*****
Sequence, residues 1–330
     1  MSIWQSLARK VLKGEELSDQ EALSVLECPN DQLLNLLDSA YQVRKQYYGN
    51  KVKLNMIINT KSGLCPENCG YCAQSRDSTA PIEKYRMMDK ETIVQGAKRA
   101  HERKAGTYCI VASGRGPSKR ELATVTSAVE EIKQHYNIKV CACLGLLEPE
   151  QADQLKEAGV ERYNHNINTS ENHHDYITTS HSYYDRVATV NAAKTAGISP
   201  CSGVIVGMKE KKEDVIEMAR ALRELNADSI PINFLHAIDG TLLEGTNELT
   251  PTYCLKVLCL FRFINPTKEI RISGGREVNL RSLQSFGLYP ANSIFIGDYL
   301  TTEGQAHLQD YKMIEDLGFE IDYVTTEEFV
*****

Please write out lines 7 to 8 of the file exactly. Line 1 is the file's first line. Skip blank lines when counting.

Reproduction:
   251  PTYCLKVLCL FRFINPTKEI RISGGREVNL RSLQSFGLYP ANSIFIGDYL
   301  TTEGQAHLQD YKMIEDLGFE IDYVTTEEFV